Shenanigans widely reported at Nevada GOP caucuses

It’s routine, perhaps healthy, for any election to receive its fair share of complaints, but Tuesday night’s Nevada caucus was something extra special.

Within an hour of operation, numerous voters in the Battle Born state took to social media to describe the shenanigans unfolding before them. While some showed up to find no one available to distribute ballots or tally votes, others were more puzzled to have their votes counted by poll workers decked out in Donald Trump campaign flair.

Many of the sites were simply overwhelmed and underprepared for the huge crowds.

In other cases, outright fraud was alleged by political reporters or caucus goers at polling locations. Either ballots were being handled in unsuitable ways, or poll workers charged with checking voters’ IDs seemed less than competent at performing the task.

Despite these and other concerns, the Republican Party of Nevada sought to assuage worried voters with a statement denying receipt any “official reports of voting irregularities or violations.” Neither the Republican Party of Nevada, nor any of its caucus officials, could be reached by phone. A request for comment via email was not returned in time for publication.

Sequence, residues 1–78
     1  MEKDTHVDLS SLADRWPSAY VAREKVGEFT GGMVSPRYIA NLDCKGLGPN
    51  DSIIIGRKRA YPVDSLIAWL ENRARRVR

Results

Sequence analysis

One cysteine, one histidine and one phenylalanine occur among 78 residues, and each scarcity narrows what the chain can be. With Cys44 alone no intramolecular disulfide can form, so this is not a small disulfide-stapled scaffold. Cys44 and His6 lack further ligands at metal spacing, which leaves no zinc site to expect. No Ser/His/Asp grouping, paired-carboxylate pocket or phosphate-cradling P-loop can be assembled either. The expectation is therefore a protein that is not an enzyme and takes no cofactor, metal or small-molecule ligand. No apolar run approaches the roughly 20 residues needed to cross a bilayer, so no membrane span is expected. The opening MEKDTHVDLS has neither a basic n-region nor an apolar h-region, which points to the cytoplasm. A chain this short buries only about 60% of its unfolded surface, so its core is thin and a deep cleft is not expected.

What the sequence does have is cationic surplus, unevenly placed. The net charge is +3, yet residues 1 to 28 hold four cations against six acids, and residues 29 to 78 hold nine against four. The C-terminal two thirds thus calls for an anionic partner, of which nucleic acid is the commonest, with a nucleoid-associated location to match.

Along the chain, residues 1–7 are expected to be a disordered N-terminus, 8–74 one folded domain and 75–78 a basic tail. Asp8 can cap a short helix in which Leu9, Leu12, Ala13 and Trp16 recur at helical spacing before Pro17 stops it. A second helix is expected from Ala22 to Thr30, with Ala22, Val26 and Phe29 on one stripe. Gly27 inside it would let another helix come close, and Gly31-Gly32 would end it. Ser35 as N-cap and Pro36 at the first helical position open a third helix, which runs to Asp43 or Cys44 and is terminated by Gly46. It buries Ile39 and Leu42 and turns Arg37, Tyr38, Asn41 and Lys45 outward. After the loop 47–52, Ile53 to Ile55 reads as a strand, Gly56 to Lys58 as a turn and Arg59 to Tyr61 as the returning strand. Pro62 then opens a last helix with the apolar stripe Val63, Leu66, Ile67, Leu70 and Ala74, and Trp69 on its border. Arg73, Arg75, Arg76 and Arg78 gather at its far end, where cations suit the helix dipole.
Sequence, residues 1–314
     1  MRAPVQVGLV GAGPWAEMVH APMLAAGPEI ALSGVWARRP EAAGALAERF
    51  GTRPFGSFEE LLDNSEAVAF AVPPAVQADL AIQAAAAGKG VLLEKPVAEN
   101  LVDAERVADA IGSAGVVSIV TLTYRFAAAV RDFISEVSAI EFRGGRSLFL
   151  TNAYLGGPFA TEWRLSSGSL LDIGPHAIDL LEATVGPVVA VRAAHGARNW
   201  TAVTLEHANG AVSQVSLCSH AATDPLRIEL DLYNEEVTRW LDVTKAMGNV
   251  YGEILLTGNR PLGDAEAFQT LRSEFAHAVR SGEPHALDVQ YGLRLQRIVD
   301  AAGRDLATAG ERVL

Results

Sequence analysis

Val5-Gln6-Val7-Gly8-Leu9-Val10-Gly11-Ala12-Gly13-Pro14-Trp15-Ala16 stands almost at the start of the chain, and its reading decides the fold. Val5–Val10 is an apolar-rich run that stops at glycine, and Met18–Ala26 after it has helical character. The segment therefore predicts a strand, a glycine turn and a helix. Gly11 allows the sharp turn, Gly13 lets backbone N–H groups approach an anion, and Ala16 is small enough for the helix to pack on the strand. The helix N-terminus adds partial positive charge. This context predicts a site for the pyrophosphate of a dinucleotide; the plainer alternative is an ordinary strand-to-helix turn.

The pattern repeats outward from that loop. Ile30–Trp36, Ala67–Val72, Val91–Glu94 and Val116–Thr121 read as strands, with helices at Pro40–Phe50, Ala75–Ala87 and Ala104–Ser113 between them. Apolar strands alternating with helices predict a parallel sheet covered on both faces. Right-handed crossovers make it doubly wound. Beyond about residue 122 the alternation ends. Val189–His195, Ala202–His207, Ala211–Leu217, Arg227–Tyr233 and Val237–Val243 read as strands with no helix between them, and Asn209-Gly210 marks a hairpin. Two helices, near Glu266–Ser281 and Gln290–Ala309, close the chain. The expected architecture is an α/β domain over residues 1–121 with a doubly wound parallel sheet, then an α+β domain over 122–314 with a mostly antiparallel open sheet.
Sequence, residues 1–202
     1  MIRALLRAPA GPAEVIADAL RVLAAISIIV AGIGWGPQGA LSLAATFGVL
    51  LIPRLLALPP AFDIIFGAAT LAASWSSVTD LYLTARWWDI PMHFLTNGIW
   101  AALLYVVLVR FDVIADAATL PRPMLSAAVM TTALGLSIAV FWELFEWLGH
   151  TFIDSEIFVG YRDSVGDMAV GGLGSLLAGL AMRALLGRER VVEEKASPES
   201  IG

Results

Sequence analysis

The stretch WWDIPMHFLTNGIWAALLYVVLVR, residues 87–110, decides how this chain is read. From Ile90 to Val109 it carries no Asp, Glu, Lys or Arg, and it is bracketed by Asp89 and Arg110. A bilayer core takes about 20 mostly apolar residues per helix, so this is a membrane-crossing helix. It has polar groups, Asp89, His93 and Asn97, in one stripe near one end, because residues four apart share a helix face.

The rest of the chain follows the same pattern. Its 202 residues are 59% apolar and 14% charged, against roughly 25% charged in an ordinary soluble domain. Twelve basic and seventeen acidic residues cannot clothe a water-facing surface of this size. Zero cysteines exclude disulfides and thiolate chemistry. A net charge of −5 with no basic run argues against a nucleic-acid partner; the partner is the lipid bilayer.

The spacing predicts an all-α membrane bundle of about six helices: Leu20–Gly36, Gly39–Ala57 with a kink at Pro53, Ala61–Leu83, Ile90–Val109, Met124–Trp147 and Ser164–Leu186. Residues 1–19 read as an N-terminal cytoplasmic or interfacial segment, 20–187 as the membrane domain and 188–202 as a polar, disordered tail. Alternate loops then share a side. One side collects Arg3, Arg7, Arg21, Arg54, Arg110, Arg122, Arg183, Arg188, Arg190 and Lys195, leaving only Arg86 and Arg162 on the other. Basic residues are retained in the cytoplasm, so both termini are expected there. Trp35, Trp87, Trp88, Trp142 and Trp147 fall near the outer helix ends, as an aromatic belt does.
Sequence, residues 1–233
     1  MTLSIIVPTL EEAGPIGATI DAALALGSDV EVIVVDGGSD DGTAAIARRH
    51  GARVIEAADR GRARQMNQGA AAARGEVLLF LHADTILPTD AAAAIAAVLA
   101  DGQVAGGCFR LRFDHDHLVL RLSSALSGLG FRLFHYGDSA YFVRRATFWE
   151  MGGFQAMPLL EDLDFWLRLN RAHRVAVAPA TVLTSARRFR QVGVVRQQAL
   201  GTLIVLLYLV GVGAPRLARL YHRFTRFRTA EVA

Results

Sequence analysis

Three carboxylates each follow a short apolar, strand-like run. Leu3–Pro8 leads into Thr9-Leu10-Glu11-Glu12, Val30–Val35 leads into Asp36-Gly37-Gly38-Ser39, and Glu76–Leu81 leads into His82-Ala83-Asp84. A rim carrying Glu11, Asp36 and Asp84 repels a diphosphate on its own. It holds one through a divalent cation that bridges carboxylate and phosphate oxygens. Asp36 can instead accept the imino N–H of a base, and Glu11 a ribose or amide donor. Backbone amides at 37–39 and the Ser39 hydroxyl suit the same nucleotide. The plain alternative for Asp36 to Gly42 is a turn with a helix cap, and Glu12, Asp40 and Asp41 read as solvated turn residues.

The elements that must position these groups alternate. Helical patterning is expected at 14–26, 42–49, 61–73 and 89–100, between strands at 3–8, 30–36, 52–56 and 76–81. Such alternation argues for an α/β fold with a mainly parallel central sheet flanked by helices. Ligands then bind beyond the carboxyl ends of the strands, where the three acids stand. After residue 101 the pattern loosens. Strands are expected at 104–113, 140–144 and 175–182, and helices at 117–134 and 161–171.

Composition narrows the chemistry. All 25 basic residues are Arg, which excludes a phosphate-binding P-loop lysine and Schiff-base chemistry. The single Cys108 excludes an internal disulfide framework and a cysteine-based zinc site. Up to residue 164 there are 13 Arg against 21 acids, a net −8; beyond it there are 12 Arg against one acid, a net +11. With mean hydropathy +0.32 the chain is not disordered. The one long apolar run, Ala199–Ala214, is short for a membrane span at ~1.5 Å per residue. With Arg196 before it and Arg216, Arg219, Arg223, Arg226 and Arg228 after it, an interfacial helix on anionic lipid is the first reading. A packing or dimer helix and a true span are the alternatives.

A number of Republicans who recently threw in the towel may be pleasantly surprised to find they’ve been conscripted in Nevada. A photo of a ballot shared online by BBC reporter Ashley Semlar included such names as Jeb Bush, Rand Paul, and Chris Christie—all of whom retired from the 2016 election.

As for the photos on Twitter of vote-counters donning Donald Trump gear, the GOP issued a statement saying it wasn’t against the caucus rules, which the GOP itself dictates. 

Update 11:35pm CT, Feb. 23: Donald Trump has won the Nevada caucus.

Photo via Felipe Valduga/Flickr (CC BY 2.0)

Dell Cameron

Dell Cameron

Dell Cameron was a reporter at the Daily Dot who covered security and politics. In 2015, he revealed the existence of an American hacker on the U.S. government's terrorist watchlist. He is a co-author of the Sabu Files, an award-nominated investigation into the FBI's use of cyber-informants. He became a staff writer at Gizmodo in 2017.